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Aid agencies renew appeals for aid access to all areas in Ethiopia’s Tigray

14,000 refugees from Eritrea are living in the Mai-Aini refugee camp in Tigray.
© UNHCR/Petterik Wiggers
14,000 refugees from Eritrea are living in the Mai-Aini refugee camp in Tigray.

Aid agencies renew appeals for aid access to all areas in Ethiopia’s Tigray

Humanitarian Aid

The UN renewed appeals on Friday for humanitarian access to all areas of Ethiopia’s troubled Tigray region to help people displaced fighting, forcing the most desperate to eat leaves to survive.

The call by the Office for the Coordination of Humanitarian Affairs (OCHA) and the UN High Commissioner for Refugees (UNHCR) comes three months since heavy fighting began between Government troops and forces loyal to the Tigray People’s Liberation Front (TPLF) in the northern region.

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Full access must be granted now, to prevent things getting even worse, said UNHCR spokesperson Babar Baloch, while OCHA cited insecurity “and bureaucratic obstacles” that have prevented aid workers from providing life-saving assistance.

Caught in crossfire

“The situation is extremely grave in Tigray and hundreds of thousands of people need life-saving assistance,” said Mr. Baloch. “Eritrean refugees, many of whom have been caught in the crossfire, especially when we look at the two Eritrean refugee camps in, in the northern part of Tigray.”

High-level efforts to avert a humanitarian disaster in Tigray have included a visit by UNHCR chief Filippo Grandi earlier this week, when he met Prime Minister Abiy Ahmed, among others.

Mr. Grandi also spoke to refugees from Mai Aini camp in the south of Tigray region, as well as some of the 4,000 others who had arrived from Hitsats and Shimelba camps, two camps in northern Tigray where access has not been obtained.

Only leaves to eat

“Some said they had resorted to eat leaves because there was no other food available,” Mr. Baloch said. “They also spoke about infiltration of armed actors in the camps, of killings, abductions and also some forced returns to Eritrea at the hands of Eritreans forces present in the area.”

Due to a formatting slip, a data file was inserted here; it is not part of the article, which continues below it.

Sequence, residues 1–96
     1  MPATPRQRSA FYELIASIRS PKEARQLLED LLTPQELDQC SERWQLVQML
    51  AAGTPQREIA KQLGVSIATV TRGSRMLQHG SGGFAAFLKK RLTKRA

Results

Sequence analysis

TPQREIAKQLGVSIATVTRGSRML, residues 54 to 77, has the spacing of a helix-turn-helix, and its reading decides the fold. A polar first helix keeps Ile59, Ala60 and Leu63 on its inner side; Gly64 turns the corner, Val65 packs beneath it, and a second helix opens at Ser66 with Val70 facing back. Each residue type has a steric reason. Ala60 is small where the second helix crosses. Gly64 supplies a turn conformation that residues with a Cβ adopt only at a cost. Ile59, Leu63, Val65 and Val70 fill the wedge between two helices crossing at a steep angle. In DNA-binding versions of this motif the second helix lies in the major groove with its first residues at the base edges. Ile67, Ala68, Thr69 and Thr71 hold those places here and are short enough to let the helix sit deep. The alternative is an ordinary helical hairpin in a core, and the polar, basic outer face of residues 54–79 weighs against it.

Mr. Baloch explained that since January, UNHCR workers had been able to return to the two camps in the south of Tigray, “but we have had no access to the two camps in the northern parts. We estimate that some 15-20,000 refugees from those two camps are dispersed in areas where we do not have access.”

2.3 million in need

Echoing concerns for the wider population in Tigray, OCHA spokesperson Jens Laerke described needs on the ground as “dire and growing for about 2.3 million people” – including those who needed  help before the conflict.

“Three months into the conflict in Tigray in northern Ethiopia, the humanitarian response remains severely constrained and inadequate. And the main reason for that is simply that we cannot reach most of the people in need and also that we have not received the clearances yet to move the necessary staff into Tigray in the first place.”

For the time being, “access remains for the most part limited to people living in the towns along the main roads from the regional capital Mekelle towards Shire, which are controlled by federal government forces,” Mr. Laerke added.

The OCHA official explained that it was “less of a problem” to deliver food aid which is being warehoused in Mekelle. “The problem is…access both to get into Tigray in the first place and also getting from Mekelle into, into the countryside where most of the people in need are.